'N. Korea supplied Iran with nuclear computer software'

German paper reports that N. Korea delivered computer program developed in US that could help Tehran build nuclear weapons.

Iranian President Ahmadinejad at nuclear facility 311 (R) (photo credit: Ho New / Reuters)
Iranian President Ahmadinejad at nuclear facility 311 (R)
(photo credit: Ho New / Reuters)
BERLIN - North Korea has supplied Iran with a computer program as part of intensified cooperation that could help Tehran build nuclear weapons, a German newspaper reported on Wednesday, citing Western intelligence sources.
The Sueddeutsche Zeitung said North Korea had in the spring delivered software, originally developed in the United States, that could simulate neutron flows.
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Such calculations, linked to identifying a chain reaction, are vital in the construction of reactors and also in the development of nuclear explosives.
With the help of the program, Iran could gain important knowledge of how to construct nuclear weapons, according to the Munich newspaper, which quoted no individual source.
A confidential UN report earlier this year said North Korea and Iran appeared to have been regularly exchanging ballistic missile technology in violation of UN sanctions.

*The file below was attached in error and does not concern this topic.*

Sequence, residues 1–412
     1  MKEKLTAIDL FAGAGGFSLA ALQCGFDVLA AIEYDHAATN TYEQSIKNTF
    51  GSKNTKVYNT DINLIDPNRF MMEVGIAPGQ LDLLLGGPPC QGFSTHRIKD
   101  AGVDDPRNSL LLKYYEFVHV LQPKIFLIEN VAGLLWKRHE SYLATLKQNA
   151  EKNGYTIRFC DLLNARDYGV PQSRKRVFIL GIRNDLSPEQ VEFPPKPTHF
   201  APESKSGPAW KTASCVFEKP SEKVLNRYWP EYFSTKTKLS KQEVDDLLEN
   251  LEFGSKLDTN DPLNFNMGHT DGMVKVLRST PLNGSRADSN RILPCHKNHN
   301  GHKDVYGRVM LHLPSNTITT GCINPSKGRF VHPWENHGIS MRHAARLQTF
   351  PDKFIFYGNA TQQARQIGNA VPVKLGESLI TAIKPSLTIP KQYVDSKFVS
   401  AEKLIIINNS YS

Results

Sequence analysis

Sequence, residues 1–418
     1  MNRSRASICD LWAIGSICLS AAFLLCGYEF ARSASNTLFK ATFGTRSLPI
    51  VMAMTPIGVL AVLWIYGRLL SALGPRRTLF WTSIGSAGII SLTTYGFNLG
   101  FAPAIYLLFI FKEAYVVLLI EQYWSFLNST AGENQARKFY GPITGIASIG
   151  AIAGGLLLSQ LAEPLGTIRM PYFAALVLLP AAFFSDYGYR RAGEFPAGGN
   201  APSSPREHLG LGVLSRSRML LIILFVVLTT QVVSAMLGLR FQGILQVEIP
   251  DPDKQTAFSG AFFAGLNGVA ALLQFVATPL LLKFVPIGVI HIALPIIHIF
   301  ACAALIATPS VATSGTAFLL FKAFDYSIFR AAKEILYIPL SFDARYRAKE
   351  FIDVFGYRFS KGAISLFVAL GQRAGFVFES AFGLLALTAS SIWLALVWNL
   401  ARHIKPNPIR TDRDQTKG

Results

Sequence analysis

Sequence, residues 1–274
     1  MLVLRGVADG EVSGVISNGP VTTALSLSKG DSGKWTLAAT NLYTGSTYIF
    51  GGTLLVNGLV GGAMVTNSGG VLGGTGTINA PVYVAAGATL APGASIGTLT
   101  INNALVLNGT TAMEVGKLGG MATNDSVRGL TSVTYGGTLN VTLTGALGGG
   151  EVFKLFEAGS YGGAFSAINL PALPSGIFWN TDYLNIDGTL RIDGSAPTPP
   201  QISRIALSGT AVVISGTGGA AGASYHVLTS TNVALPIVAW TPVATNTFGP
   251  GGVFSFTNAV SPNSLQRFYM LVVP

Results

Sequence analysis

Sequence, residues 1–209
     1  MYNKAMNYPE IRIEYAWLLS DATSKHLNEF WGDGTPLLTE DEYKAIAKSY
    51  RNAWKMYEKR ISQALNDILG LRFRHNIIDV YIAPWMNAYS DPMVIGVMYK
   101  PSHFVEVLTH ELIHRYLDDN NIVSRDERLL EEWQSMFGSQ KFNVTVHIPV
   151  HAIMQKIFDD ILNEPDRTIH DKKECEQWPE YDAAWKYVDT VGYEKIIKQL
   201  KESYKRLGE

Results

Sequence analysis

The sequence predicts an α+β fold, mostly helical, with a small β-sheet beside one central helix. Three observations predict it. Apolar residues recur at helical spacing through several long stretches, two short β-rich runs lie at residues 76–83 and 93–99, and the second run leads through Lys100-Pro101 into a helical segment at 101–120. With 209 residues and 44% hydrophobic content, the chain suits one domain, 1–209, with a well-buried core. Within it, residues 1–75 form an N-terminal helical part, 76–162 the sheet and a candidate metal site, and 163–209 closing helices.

On Tuesday, an Iranian envoy said a senior UN nuclear watchdog official visited all of Iran's main atomic sites during a rare five-day tour last week, saying this showed Tehran's "100 percent transparency and openness."
But a Western diplomat in Vienna said the trip of Herman Nackaerts, deputy director general of the International Atomic Energy Agency (IAEA), to Iran "did nothing to lay to rest key concerns" about Tehran's nuclear programme.
"The Iranians proudly showed off many nuclear activities (that Iran carries out) in defiance of UN sanctions ... but stonewalled the IAEA on the scale and scope of the possible military dimensions of their program," the diplomat said.
The Sueddeutsche said the computer program, called Monte Carlo N-Particle Extended, or MCNPX 2.6.0., was used widely for civilian purposes but is subject to strict export controls because it can also be used to develop atomic bombs.
It is unclear how North Korea got hold of the software.
The paper said a North Korean delegation travelled to Iran in February to train 20 Defense Ministry staff in the software.
The IAEA has voiced growing concern in the last year about possible military dimensions to Tehran's nuclear program, saying it had received new information increasing such concerns.
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